While so far, we have avoided the general slowdown in industry demand, heading into the balance of the year, pricing has become more competitive and growth has narrowed geographically.

Studio segment sales accelerated in Q2 to a very strong 13.9%, led by a rebound in Europe, where we benefitted from a particularly strong showing this past April at Salone de Mobile, we grew in both our contract and residential markets.

North America Studio benefitted from the success of recent product introductions in the meeting area, again a piece of our ancillary strategy, some very nice project wins, as well as some growth in our residential and consumer channel.

In HOLLY HUNT, we saw continued top line growth in margin expansion, as we continue to benefit from the investments we have made in the showroom footprint, product breadth and inventory. That said, growth in Q2 was spottier, as some showrooms in the higher end residential market, experiencing macroeconomic weakness were impacted.

From an operating profit standpoint, Studio operating profit margins expanded by 40 basis points, [indiscernible] 16%. Our Studio segment does have some exposure in the U.K. and we will be carefully monitoring the impact, both on margins and demand moving forward.

In Coverings, ongoing challenges in private aviation and weaker industry conditions, continue to weigh on our Edelman Leather and Knoll Textiles businesses. Declines were offset, continued growth at Spinneybeck and Filzfelt, where our architectural product applications, again a part of our ancillary strategy, are delivering significant growth.

As a result, overall segment sales declined by just over 10%. We have new leadership in place in our textiles business, and there are signs that both Textiles and Edelman should lap in more difficult comps, and be growing again by the fourth quarter. With 21.7% operating profit margin, Coverings continues to generate meaningful profit for our overall enterprise.

In the quarter, approximately 40% of our sales and 60% of our profits, came from outside our North America office segment. No contract or company [ph] can make that statement.

We believe over the long run, our diversification efforts and strategy will continue to result in a more profitable and less cyclical enterprise.

Now let me turn the call over to Craig, to walk you through our results in more detail. Craig?

Craig Spray

Thank you, Andrew. Knoll Inc. second quarter net sales increased $26.1 million or 9.7% from a year ago. Our Office segment was up $18.4 million or 11.4%. Growth in Office was driven primarily by our core Office system and recently introduced continuity [ph] products, like adjustable tables and storage products.

Our Studio segment sales grew up $10.8 million or 13.9%. The increase was led by Europe and Knoll Studio in North America. However, all of our Studio segment businesses continue to grow across both commercial and residential clients.

Our covering segment sales were down $3.1 million or 10.4% of continued year-over-year growth in Spinneybeck and Filzfelt, was offset by weakness at Knoll Textiles and Edelman.

Gross margin improved 100 basis points at 37.7% a year ago to 38.7%. The Office segment continues to be the primary driver of operating efficiencies and improved fixed cost leverage and higher volume, offset from net pricing pressure. Compared to Q1 2016, gross margin improved 80 basis points.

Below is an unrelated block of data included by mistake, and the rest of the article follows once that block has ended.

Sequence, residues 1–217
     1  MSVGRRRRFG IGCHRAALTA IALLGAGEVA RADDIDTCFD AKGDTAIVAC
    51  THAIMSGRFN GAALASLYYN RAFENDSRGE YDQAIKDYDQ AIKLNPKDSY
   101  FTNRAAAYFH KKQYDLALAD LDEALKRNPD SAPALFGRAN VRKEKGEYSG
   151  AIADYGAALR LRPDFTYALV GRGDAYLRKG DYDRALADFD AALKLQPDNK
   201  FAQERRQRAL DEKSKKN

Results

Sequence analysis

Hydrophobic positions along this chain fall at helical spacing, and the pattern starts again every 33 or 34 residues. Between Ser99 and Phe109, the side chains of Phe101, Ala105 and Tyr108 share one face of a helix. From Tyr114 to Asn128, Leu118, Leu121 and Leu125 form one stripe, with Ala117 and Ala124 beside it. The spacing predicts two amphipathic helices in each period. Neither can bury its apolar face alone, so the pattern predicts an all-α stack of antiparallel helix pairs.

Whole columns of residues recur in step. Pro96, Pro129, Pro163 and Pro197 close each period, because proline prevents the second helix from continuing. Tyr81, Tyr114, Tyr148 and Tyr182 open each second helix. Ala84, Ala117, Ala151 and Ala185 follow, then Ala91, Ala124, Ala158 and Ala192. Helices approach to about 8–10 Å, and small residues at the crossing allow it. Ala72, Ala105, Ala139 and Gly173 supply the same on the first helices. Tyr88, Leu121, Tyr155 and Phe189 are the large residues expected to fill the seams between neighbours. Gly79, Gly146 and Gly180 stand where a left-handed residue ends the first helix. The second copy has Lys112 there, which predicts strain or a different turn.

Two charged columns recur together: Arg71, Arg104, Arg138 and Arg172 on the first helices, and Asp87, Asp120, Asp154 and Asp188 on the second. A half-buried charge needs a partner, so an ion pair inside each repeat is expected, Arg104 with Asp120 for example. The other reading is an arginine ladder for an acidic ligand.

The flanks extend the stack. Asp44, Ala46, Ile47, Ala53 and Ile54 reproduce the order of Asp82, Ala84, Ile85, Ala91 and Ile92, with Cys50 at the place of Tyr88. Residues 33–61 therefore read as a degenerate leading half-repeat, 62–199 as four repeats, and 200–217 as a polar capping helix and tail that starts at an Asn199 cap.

Total operating expenses in the second quarter were $80.6 million compared to the $72.9 million in 2015. The increase is due to investments in the NeoCon Trade Show, product development, sales training, additional headcount, as well as higher incentive tools from increased profitability. We continue to believe that operating expenses for the year will average about 27% of sales.

Operating profit was up 18.5% from $28.3 million in the second quarter of 2015, to $33.5 million in Q2 2016. Operating profit margins improved 90 basis points from 10.5% to 11.4%. This improvement was primarily the result of a 190 basis point improvement in the office segment, from 5.7% to 7.6%.

Interest expense was reduced by $0.5 million from a year ago, as we continue to reduce the balance on our term and revolving loan credit facility. For both Q2 2016 and 2015, other expense was $0.2 million. Other income and expense, was primarily related to foreign exchange gains and losses.

Our tax rate for the quarter was 33%, down from 34.3% at Q2 2015. The change in our tax rate was due to the mix of sales and varying rates in the countries and states in which we operate, as well as a favorable Canadian tax position. For the full year, we expect our tax rate to be approximately 35%.

Net earnings for the second quarter of 2016 were $21.3 million, up from $17.2 million for the same period of 2015. Diluted earnings per share was $0.44 for Q2 2016 and $0.36 for 2015.

Regarding our cash flow, cash was managed down to $1.8 million for the quarter to approximately $3.5 million. Operating activities provided $24.6 million of cash in the quarter. We use the excess cash generated from operating activities to reduce our debt outstanding, investment business and pay dividends.

Investing activities included capital expenditures for the quarter of $8 million compared to $7.5 million in Q2 2015. These expenditures are reflective of our continued commitment to invest in our manufacturing and information technology infrastructure.

Total cash used by financing activities was $19.3 million. The primary use of cash in financing activities was the repayment of debt. Other financing outflows during the second quarter of 2016, included the payments of dividends of $7.2 million.